The weather is getting colder, but we’ve got you covered! Cozy up in Classic Harbor Line’s heated, enclosed boats this month, and discover why the waterfront has inspired architects to develop new forms and facades for residential projects. You’ll have a front row seat as our expert AIA guides explore what has come to be known as New York’s new Gold Coast.
See some of the newest and most talked about waterfront residential buildings in New York City, including:
Via 57 West, Hudson River
Also known as “the Pyramid” or “the Sail,” the Danish architect Bjarke Ingels has dubbed this building a “Courtscraper,” alluding to its marriage of a European courtyard and a New York skyscraper. 700 rental apartment units are stacked to maximize views for the residents, and from the exterior it is a dramatic addition to the NYC skyline.
160 Leroy Street, West Village
This is the fourth new building in New York by Pritzker Prize winning Swiss architects Herzog & de Meuron. The double curved plan on the west side was inspired by the “curvaceous, seductive and sexy” architecture of the great Brazilian architect, Oscar Niemeyer.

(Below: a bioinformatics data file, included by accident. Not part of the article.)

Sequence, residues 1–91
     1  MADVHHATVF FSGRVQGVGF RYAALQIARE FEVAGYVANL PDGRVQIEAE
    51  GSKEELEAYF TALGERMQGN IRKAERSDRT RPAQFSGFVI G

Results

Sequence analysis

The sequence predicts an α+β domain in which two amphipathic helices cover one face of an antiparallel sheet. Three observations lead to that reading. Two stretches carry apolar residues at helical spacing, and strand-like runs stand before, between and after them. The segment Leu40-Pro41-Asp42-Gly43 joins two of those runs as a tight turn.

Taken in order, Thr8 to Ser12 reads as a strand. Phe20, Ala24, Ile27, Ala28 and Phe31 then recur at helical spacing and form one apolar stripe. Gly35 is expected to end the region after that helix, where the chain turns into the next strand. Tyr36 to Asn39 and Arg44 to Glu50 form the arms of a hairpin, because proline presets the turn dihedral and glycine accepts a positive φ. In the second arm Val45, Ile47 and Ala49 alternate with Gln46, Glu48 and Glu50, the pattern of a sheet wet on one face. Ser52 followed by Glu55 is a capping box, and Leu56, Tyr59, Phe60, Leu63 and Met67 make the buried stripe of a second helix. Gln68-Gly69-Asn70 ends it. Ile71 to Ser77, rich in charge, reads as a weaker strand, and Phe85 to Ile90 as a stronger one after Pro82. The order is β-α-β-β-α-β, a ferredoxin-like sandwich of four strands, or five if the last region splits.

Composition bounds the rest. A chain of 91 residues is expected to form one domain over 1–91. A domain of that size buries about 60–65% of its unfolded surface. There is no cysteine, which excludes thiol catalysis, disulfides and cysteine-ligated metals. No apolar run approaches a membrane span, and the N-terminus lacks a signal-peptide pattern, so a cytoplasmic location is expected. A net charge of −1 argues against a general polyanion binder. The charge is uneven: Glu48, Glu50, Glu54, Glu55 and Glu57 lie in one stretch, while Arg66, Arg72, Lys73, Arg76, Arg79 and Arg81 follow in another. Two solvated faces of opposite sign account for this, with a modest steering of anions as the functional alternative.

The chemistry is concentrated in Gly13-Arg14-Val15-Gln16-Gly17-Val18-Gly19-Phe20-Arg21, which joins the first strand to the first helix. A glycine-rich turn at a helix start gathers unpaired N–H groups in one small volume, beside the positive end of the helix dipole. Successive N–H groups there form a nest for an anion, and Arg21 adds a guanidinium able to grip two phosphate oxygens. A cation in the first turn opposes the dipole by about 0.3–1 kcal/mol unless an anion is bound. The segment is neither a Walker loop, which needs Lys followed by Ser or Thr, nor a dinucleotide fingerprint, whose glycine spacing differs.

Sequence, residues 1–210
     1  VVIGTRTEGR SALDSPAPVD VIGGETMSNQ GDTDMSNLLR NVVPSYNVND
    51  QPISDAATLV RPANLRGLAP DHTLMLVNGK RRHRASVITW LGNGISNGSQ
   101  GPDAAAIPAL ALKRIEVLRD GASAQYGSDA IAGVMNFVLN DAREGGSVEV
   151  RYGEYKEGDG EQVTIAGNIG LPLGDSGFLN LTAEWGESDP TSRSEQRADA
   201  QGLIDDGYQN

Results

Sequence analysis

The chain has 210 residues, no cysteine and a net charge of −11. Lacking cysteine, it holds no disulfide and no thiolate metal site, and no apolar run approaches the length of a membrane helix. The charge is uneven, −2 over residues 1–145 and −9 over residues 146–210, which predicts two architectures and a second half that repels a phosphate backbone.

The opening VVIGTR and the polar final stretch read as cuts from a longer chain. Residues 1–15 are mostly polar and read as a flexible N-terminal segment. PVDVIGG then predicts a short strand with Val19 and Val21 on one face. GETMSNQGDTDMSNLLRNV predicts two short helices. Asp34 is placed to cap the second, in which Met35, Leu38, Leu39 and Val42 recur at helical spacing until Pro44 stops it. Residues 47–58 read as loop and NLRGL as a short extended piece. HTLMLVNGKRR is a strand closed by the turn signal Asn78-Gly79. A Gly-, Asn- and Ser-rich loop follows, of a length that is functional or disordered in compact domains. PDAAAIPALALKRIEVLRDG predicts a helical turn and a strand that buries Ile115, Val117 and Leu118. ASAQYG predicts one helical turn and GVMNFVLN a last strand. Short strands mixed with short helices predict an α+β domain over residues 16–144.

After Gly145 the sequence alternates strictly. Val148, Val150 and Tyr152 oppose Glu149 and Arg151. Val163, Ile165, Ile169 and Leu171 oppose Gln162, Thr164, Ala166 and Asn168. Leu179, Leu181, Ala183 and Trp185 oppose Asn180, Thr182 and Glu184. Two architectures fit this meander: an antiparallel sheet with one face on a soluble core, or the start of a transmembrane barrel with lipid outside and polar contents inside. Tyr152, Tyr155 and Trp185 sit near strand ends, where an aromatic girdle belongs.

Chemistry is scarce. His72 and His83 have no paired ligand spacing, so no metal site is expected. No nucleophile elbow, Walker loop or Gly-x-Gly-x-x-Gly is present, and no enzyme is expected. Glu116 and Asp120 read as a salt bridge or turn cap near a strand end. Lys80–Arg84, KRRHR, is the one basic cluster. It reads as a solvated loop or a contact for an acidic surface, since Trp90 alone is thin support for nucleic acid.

56 Leonard Street, Tribeca
Swiss architects Herzog & de Meuron at work here again; however, this time the result is a supertall, super slender luxury condominium tower. The building has already become iconic, and the stacked condominium boxes at the top have endeared the popular nickname “the Jenga Building.”
325 Kent Avenue, Brooklyn
The first new residential building as part of the Domino Sugar complex, this project by SHoP Architects of New York offers 30% designated affordable units, and has a distinctive donut hole shape that permits greater transparency to the Williamsburg neighborhood.
The American Copper Buildings, East River
This pair of tall leaning towers, also by SHoP Architects are connected by a bridge that contains the shared pool and fitness facilities. The facades have copper cladding on the north and south that will age to an elegant green patina. The residential towers have already been nicknamed the “dancing buildings.”